# Limit of a specific sequence involving Fibonacci numbers.

Let, $\left\{F_n\right\}_{n=1}^\infty$ be the Fibonacci sequence, i.e, $F_1=1, F_2=1~\&~ F_{n+2}=F_{n+1}+F_n~\forall ~n \in \mathbb{Z}_+$

Let, $P_1=0, P_2=1$. Divide the line segment $\overline{P_n P_{n+1}}$ in the ratio $F_n:F_{n+1}$ to get $P_{n+2}$.

So, $P_{n+2}=\dfrac{F_n P_{n+1}+F_{n+1}P_n}{F_n+F_{n+1}}=\dfrac{F_n}{F_{n+2}}P_{n+1}+\dfrac{F_{n+1}}{F_{n+2}}P_n$

What is the limit of the sequence $\left\{P_n \right\}_{n=1}^\infty$ ?

$\textbf{Few things:}$ If we define,

\begin{eqnarray*} I_n &=& \left[P_n,P_{n+1}\right] \mathrm{,~if~} n \mathrm{~is ~odd~}\\ &=& [P_{n+1},P_n] \mathrm{,~if~} n \mathrm{~is ~even~} \end{eqnarray*} then we see $I_n \supseteq I_{n+1}~\forall~n \in \mathbb{Z}_+$ and $\lim \limits_{n \to \infty} |I_n|=0$

So, by Cantor's nested interval theorem, $\bigcap \limits_{n=1}^\infty I_n$ is singleton. Hence, $\lim \limits_{n \to \infty} P_n$ exists.

I tried a little bit, but I couldn't find the limit.

• Mathematica thinks the limit is 0.710855351429328416887694490384… – Patrick Stevens Dec 4 '15 at 22:28
• I'm not talking about numerical solution, isn't there a exact formula? @PatrickStevens – Mahbub Alam Dec 4 '15 at 22:29
• Isn't it clear that I don't know the answer? :P I'm trying to provide easy information that might help you or someone else to answer the question. – Patrick Stevens Dec 4 '15 at 22:31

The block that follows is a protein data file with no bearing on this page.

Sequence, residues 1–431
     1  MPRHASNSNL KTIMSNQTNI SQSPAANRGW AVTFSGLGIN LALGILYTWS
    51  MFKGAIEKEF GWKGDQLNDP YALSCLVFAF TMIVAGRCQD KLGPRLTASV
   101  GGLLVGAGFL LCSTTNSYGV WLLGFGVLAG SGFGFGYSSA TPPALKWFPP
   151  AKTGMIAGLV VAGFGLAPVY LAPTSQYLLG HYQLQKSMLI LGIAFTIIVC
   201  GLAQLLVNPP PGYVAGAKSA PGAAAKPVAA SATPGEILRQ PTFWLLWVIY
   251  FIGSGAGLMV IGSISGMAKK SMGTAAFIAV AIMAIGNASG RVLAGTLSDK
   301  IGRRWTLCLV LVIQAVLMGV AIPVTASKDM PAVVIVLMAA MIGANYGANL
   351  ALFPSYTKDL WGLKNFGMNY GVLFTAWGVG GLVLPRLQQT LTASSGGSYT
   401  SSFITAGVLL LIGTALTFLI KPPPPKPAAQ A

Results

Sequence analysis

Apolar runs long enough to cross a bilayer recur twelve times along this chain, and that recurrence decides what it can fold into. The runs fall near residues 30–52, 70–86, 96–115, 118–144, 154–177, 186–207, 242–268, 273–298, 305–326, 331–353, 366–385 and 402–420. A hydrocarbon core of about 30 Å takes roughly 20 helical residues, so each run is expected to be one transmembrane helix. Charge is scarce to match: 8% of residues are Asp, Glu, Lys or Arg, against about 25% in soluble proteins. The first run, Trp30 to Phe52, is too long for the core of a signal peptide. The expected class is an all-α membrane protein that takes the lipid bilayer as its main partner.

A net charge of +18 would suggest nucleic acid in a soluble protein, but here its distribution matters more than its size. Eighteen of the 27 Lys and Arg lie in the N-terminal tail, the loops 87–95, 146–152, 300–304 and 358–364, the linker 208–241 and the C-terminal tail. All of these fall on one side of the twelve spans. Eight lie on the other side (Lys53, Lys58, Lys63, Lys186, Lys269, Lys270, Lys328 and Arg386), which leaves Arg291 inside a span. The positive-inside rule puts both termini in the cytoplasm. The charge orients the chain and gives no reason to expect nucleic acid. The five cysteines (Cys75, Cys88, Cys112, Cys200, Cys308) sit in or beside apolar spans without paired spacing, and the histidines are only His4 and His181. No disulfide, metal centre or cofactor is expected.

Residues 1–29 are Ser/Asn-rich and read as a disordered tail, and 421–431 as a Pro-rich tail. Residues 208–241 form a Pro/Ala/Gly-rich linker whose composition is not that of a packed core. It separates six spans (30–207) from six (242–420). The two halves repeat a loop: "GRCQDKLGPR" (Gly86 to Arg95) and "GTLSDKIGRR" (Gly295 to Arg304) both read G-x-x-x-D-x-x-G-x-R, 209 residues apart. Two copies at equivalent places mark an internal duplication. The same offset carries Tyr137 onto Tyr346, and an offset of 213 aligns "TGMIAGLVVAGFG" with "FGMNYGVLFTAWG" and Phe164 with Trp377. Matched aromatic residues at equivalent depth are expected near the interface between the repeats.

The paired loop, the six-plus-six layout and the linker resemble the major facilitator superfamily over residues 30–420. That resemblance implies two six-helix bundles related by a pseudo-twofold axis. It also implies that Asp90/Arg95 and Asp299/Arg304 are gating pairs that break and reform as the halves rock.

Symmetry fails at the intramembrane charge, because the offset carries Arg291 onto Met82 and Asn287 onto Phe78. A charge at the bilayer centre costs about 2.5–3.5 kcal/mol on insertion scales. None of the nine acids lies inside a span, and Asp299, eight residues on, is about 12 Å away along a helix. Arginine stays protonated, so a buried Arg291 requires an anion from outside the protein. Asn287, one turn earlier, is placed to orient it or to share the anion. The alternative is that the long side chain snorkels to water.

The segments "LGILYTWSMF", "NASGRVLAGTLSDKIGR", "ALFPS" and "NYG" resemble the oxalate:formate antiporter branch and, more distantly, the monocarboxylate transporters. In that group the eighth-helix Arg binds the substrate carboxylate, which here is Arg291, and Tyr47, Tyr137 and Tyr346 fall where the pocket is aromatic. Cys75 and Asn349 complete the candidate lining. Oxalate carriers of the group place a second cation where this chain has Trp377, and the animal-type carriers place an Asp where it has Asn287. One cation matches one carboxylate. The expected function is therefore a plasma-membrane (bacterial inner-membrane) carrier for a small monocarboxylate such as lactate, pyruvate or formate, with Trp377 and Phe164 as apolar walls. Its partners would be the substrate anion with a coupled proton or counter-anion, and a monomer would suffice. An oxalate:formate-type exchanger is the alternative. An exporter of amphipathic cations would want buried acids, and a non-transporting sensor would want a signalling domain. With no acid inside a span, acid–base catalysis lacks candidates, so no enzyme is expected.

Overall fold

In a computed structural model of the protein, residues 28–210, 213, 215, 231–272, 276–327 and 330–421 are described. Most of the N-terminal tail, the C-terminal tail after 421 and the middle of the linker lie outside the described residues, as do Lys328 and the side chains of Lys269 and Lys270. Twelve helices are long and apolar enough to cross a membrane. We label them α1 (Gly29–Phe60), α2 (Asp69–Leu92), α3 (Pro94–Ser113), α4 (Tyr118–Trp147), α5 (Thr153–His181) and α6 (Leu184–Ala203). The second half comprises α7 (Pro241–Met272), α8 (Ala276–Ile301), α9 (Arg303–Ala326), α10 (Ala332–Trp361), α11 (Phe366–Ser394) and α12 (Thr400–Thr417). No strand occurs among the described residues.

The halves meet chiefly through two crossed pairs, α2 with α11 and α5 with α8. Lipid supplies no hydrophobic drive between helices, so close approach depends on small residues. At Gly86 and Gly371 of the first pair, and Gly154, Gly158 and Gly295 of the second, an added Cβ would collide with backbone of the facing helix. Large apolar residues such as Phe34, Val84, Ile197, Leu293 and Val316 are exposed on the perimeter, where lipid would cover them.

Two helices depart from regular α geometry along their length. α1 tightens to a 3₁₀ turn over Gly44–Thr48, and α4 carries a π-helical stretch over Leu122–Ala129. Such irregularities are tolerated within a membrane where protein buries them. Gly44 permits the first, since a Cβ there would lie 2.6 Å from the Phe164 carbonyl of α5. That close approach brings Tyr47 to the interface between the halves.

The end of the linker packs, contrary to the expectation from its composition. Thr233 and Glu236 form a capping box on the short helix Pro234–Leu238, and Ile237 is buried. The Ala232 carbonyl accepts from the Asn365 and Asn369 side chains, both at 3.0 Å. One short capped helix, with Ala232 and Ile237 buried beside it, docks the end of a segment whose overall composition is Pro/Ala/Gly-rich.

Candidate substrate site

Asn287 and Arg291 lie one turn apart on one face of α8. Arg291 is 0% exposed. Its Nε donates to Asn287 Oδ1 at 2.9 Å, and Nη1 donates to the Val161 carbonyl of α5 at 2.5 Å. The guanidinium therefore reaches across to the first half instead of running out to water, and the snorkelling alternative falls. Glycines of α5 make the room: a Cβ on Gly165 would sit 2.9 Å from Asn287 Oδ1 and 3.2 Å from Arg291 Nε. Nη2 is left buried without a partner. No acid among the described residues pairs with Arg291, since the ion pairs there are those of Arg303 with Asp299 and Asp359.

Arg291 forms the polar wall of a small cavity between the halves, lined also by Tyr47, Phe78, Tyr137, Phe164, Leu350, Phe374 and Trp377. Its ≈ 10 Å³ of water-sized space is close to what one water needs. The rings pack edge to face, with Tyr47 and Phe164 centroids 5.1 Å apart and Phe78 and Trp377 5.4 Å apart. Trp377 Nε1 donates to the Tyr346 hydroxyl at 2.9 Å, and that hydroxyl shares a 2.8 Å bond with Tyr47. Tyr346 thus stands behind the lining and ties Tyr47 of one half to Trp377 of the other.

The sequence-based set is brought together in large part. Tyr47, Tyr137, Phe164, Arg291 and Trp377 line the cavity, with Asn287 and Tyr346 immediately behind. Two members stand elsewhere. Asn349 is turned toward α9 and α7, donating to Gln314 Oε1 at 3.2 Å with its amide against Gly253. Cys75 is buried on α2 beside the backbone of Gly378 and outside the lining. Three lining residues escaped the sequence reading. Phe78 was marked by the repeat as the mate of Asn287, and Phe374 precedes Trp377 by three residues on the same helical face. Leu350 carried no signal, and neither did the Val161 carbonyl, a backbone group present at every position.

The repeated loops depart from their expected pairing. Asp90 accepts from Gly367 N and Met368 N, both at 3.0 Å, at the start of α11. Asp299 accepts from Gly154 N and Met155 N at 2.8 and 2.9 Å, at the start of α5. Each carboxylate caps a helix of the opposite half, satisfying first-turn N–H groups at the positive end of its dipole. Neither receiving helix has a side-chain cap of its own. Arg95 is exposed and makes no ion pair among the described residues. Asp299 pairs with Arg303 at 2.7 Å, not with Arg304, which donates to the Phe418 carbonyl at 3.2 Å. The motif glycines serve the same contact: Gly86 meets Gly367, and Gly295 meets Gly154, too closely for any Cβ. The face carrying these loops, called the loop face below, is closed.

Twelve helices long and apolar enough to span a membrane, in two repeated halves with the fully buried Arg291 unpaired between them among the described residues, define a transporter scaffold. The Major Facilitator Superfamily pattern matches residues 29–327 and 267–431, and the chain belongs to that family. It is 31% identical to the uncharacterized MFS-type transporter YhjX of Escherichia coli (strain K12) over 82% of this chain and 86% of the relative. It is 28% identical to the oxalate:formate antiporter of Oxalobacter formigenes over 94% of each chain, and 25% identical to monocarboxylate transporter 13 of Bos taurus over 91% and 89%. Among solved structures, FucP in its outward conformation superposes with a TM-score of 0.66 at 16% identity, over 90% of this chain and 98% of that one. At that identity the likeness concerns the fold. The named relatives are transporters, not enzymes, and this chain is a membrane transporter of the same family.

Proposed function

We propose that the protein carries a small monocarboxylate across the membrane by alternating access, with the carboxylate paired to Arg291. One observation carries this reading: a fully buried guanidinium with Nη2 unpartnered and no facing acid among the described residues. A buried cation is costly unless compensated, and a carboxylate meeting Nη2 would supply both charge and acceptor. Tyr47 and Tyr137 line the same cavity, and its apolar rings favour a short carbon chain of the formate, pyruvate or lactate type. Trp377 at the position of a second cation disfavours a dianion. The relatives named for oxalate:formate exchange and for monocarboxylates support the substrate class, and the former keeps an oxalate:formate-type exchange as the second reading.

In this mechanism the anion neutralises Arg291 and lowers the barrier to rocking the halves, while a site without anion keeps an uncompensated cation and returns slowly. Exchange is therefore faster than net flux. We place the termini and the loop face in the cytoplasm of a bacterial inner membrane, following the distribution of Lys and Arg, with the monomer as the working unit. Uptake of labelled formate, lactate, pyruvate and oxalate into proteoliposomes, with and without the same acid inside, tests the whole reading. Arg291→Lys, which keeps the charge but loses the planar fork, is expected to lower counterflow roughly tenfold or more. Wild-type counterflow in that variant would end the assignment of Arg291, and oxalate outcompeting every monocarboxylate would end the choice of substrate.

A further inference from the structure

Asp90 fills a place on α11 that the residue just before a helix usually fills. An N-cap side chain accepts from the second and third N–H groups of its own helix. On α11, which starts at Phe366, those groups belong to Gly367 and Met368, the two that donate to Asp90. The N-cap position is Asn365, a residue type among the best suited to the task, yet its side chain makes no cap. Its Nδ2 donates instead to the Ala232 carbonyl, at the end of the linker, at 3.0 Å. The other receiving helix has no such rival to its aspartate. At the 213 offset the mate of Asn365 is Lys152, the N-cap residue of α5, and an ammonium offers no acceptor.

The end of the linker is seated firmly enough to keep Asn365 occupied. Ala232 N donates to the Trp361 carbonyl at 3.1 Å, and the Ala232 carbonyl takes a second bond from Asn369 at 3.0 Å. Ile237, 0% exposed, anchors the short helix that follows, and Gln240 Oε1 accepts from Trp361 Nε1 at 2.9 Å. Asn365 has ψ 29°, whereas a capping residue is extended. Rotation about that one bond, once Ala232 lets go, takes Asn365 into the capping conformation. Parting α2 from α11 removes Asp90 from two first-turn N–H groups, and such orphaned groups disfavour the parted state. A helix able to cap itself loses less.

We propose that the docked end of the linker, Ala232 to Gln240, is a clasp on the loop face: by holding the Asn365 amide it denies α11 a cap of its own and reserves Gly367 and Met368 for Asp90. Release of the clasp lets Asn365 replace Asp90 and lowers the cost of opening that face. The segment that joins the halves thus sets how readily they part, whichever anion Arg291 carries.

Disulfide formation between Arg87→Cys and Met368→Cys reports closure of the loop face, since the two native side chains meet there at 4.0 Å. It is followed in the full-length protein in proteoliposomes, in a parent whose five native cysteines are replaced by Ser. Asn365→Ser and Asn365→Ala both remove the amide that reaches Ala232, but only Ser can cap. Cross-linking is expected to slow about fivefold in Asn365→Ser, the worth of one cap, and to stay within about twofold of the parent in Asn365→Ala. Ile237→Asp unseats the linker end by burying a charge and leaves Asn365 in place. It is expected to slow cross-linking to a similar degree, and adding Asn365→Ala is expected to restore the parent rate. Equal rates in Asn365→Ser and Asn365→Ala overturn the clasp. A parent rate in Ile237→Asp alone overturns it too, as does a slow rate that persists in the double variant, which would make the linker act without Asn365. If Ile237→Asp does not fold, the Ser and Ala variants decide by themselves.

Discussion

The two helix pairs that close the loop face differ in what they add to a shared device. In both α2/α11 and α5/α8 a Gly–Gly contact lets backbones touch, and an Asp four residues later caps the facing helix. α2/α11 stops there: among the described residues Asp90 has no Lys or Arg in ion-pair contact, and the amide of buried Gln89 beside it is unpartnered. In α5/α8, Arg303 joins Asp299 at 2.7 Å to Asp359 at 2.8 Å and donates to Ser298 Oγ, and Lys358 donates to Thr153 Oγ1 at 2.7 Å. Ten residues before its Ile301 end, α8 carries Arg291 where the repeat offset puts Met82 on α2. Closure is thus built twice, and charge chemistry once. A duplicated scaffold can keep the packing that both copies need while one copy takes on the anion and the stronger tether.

• Ha ha :P . And thanks for the information :-) @PatrickStevens – Mahbub Alam Dec 4 '15 at 22:31
• Yeah. But, $P_1 \le P_3 \le \cdots \le P_{2n-1} \le \cdots\le \lim \limits P_n \le \cdots \le P_{2n} \le \cdots \le P_4 \le P_2$ – Mahbub Alam Dec 5 '15 at 1:46

The first few values of $P_n$ for $n \ge 2$ seem to be alternating sums of reciprocal Fibonacci numbers, starting with the second Fibonacci number (the second 1 in the sequence, so denominators go 1,2,3,5,8,13, etc.) $$P_2=\frac{1}{1},\ P_3=\frac{1}{1} - \frac12, \ P_4=\frac11-\frac12+\frac13, \\ P_5=\frac11-\frac12+\frac13-\frac15,\ P_6=\frac11-\frac12+\frac13-\frac15+\frac18$$ So the limiting value of $P_n$ would be the value of this alternating series. One would need to check that defining the $P_n$ this way makes them satisfy the recurrence in the posted question. I may try to work on that part. But it seems so much of a coincidence that it "has to" be true!
Anyway I did use the above method to go for some large $n$ values and got intervals which closed in on the numerical value found by Patrick Stevens in his comment.
• Still working on verifying the alternating reciprocal function satisfies the recurrence. I think by peeling off the last few terms and factoring out, it may come down to some known Fibonacci identity like $F_nF_{n+2}-F_{n+1}^2=\pm 1$ but I'm still lost in details. [If anyone cares to supply that (inductive) proof I'd appreciate (and cite) it.] – coffeemath Dec 5 '15 at 2:52
• I have verified it. If we have, $P_n=\dfrac{1}{F_2}-\dfrac{1}{F_3}+\dfrac{1}{F_4}-\cdots +(-1)^n \dfrac{1}{F_n}$ and similar expression for $P_{n+1}$, from here we can find the expression for $F_{n+2}P_{n+2}=(F_n+F_{n+1})P_{n+2}$, from which we can see $P_{n+2}$ have a similar expression as $P_n$. Hence by induction we're done. @coffeemath your observation about $P_2, P_3, P_4, P_5, P_6$ was great. – Mahbub Alam Dec 5 '15 at 3:00
• wolfram says both $\sum \limits_{n=1}^\infty \dfrac{1}{F_{2n}}$ and $\sum \limits_{n=1}^\infty \dfrac{1}{F_{2n-1}}$ have closed forms, so the limit of $P_n$ have a closed form too. Reciprocal Fibonacci Constant link – Mahbub Alam Dec 5 '15 at 3:09